The response to those most badly affected by the tough economic times since 2008 has come predominantly from churchgoers, the Archbishop of Canterbury said on Monday at the launch of the report of the All-Party Parliamentary Inquiry into Hunger and Food Poverty.
Archbishop Justin Welby said the years since the economic crash had been hard ones for many people. “And the response of compassion, indiscriminate compassion, generous open-handed compassion, has come principally from the Churches in response to people’s need for food,” he told a Westminster gathering.
The archbishop reiterated the shock he wrote about in a Sunday newspaper that people in the UK were being forced into using food banks. “I’ve seen much worse, very recently, and will do over the next couple of weeks when I’m travelling, but it’s finding it here, it’s in the wrong place; we don’t do that in this country and we need to stop,” he said.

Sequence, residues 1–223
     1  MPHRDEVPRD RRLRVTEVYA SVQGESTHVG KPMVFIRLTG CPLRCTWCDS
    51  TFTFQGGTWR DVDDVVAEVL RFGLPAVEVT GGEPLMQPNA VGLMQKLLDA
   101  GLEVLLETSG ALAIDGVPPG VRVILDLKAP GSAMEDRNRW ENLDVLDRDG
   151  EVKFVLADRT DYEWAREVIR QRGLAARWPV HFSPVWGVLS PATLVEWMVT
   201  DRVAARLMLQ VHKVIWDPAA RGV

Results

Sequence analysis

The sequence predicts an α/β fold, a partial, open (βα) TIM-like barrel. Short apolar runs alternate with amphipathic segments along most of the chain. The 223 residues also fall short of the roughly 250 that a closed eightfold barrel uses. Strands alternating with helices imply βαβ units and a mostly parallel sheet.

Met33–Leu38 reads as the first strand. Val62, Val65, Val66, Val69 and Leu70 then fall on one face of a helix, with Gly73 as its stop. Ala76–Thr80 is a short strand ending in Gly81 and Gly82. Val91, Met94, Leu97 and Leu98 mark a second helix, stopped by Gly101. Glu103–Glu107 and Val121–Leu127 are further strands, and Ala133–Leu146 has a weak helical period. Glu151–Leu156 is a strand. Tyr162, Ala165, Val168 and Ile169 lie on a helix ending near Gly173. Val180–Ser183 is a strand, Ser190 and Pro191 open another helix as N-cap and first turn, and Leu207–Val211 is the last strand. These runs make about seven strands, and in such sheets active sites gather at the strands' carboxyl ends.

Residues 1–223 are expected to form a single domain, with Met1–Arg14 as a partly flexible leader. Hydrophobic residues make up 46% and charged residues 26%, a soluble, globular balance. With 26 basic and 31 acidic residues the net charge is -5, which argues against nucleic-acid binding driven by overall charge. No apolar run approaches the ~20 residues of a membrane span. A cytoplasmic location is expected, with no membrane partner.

The all-party parliamentary inquiry into hunger in the UK was set up to understand the extent and spread of hunger, and concluded that an income squeeze, benefit delays and excessive utility bills were behind a huge rise in the use of food banks. The inquiry was co-chaired by Labour MP Frank Field and the Anglican Bishop of Truro, Tim Thornton, and funded by the Archbishop of Canterbury’s Charitable Trust. The number of food banks run by the Christian-run Trussell Trust has grown from a handful a decade ago to around 420 today.
Across the UK around four million people are at risk of going hungry, according to the report, and 500,000 children live in families that can’t afford to feed them. In addition, 3.5 million adults can’t afford to eat properly.